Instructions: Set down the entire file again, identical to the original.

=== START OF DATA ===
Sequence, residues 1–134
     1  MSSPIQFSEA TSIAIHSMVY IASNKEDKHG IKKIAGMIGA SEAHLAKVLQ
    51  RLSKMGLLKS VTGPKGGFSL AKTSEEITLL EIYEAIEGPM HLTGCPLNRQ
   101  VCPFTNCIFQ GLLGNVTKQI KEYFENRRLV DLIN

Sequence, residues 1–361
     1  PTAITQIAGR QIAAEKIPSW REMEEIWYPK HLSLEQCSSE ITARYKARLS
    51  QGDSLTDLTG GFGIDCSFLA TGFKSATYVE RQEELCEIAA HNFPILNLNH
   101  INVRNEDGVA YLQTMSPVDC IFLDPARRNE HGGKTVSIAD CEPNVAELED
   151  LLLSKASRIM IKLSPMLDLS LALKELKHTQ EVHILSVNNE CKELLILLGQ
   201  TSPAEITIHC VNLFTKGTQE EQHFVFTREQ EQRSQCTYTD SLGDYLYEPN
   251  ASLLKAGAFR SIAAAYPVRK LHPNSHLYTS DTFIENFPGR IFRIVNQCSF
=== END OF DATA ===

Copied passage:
Sequence, residues 1–134
     1  MSSPIQFSEA TSIAIHSMVY IASNKEDKHG IKKIAGMIGA SEAHLAKVLQ
    51  RLSKMGLLKS VTGPKGGFSL AKTSEEITLL EIYEAIEGPM HLTGCPLNRQ
   101  VCPFTNCIFQ GLLGNVTKQI KEYFENRRLV DLIN

Sequence, residues 1–361
     1  PTAITQIAGR QIAAEKIPSW REMEEIWYPK HLSLEQCSSE ITARYKARLS
    51  QGDSLTDLTG GFGIDCSFLA TGFKSATYVE RQEELCEIAA HNFPILNLNH
   101  INVRNEDGVA YLQTMSPVDC IFLDPARRNE HGGKTVSIAD CEPNVAELED
   151  LLLSKASRIM IKLSPMLDLS LALKELKHTQ EVHILSVNNE CKELLILLGQ
   201  TSPAEITIHC VNLFTKGTQE EQHFVFTREQ EQRSQCTYTD SLGDYLYEPN
   251  ASLLKAGAFR SIAAAYPVRK LHPNSHLYTS DTFIENFPGR IFRIVNQCSF